Wednesday, May 13, 2015

Best trails for seeing Crater Lake highlights

Crater Lake. Photo courtesy of Kozzi.
Among the best ways to see Crater Lake National Park’s major sights is via a day hike. Just five short trails allow visitors to enjoy the park’s major highlights – its namesake, the Pumice Desert, the Pinnacles, old-growth forests, and a historic fire lookout tower.

Crater Lake
A volcano caldera formed more than 7000 years ago, Crater Lake reaches a depth of 1,943 feet, making it the United States’ deepest lake. The 2.2-miles round trip Cleetwood Cove Trail heads downhill 700 feet from Rim Drive to the lake’s shores, where you can touch the water.

Pumice Desert
The volcano explosion that created Crater Lake deposited up to 200-feet of pumice and ash that covers 5.5 square miles, leaving behind a barren wasteland. There are no marked routes through the desert, but the Pacific Crest National Scenic Trail skirts its eastern edge.

The Pinnacles
Hot gas cemented other ash and pumice deposits, forming pinnacles and spires that soar up to 300 feet above the forest floor. The 0.4-mile Pinnacles Trail in the park’s southeast corner allows visitors to see many of these fascinating geological formations.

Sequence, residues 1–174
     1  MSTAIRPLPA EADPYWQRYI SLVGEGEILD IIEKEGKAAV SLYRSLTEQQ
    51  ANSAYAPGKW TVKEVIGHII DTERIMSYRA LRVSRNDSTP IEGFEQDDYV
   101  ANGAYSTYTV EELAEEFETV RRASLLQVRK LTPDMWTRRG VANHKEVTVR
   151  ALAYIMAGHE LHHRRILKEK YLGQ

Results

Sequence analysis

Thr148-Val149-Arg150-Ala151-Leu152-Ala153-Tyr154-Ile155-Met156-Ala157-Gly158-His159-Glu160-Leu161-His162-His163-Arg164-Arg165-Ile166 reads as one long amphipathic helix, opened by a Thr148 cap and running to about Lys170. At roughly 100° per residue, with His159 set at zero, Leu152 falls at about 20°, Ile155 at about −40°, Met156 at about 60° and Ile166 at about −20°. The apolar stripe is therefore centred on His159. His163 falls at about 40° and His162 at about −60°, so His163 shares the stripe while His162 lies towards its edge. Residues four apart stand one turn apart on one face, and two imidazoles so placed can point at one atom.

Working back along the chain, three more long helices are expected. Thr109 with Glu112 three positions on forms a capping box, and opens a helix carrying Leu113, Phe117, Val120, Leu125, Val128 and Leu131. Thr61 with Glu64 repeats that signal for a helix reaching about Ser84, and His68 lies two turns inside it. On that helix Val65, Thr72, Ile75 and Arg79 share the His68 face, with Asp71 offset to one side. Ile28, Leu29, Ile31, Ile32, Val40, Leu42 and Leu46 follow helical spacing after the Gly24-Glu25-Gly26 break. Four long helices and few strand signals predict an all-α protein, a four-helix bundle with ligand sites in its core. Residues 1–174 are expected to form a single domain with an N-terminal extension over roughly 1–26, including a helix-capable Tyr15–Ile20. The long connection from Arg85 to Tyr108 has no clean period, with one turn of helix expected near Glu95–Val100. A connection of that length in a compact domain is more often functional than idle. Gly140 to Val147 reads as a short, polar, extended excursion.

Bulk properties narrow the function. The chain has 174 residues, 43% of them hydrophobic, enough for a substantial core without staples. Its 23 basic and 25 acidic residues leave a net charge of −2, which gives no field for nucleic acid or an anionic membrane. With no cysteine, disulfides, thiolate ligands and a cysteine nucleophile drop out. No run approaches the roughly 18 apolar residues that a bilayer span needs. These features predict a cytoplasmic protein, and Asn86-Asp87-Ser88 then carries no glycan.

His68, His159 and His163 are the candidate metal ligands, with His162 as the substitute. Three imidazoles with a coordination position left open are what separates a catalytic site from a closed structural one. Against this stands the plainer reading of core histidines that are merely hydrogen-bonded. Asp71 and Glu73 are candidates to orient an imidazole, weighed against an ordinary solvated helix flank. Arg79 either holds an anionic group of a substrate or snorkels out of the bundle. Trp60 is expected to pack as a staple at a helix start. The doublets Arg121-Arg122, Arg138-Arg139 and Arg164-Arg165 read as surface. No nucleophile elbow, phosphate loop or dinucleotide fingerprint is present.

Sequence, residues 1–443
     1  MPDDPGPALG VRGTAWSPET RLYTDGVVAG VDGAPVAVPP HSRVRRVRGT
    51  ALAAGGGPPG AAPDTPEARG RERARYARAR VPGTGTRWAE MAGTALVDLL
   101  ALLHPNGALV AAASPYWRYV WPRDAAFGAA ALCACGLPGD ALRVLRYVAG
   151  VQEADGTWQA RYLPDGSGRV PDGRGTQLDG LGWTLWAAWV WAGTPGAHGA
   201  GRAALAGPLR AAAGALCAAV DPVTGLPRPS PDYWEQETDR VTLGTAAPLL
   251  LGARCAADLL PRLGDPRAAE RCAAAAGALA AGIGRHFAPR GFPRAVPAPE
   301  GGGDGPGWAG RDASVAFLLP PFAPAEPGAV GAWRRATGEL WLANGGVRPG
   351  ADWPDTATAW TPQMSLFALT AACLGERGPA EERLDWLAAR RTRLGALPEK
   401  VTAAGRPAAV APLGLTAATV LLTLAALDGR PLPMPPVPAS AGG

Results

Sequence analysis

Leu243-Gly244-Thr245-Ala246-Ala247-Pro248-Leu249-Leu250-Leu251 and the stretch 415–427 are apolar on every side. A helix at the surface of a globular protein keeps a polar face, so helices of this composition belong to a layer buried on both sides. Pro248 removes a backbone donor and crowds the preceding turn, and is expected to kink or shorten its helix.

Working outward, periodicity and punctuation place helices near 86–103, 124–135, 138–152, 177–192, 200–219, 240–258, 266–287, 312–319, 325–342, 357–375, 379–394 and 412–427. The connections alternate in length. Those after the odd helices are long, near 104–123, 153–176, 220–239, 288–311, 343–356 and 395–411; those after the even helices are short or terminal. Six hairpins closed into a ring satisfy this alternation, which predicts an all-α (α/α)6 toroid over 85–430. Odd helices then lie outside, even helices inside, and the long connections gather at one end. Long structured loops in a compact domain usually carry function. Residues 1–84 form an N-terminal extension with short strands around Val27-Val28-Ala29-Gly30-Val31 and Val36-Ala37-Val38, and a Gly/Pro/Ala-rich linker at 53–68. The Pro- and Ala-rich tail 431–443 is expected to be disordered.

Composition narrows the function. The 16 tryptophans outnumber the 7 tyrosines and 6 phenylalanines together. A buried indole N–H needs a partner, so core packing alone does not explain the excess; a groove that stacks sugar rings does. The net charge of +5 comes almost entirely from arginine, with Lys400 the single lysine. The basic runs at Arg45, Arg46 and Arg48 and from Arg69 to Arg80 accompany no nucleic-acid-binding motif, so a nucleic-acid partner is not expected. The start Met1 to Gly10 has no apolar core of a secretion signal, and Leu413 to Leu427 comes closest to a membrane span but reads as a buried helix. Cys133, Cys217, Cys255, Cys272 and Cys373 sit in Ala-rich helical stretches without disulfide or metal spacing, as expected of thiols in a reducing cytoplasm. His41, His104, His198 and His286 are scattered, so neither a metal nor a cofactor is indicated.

Old-growth forests
Forests of mountain hemlocks and shasta red firs that have never seen the lumberjack’s ax cover nearly 50,000 acres in the park. The 1-mile loop Godfrey Glen Trail off of Munson Valley Road heads through these verdant woodlands.

Historic fire lookout tower
A tower built in 1932 offers incredible views of Crater Lake, Wizard Island, Mounts McLoughlin, Thielsen and Scott, Union Peak, and the Klamath Basin. The 1.6-mile round trip Watchman Trail gains 700 feet in elevation via several switchbacks to reach the tower.

Learn more about national park day hiking trails in my Best Sights to See at America’s National Parks guidebook.